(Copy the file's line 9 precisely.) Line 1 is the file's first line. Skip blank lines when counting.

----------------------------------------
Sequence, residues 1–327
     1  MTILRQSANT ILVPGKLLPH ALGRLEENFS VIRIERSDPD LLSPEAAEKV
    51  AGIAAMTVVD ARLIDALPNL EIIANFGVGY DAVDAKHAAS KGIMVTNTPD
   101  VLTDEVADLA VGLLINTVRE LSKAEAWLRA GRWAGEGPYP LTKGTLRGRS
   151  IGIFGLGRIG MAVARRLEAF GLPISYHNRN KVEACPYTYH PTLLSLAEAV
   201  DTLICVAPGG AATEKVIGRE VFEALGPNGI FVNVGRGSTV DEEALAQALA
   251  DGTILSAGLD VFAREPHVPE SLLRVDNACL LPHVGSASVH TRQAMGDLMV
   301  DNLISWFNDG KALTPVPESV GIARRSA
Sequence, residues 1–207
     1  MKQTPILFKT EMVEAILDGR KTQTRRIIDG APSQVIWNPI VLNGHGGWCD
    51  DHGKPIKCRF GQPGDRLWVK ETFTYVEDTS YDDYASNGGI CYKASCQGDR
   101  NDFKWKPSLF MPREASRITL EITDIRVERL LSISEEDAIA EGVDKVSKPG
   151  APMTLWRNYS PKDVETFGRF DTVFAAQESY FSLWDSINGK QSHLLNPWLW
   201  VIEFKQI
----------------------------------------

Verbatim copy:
Sequence, residues 1–207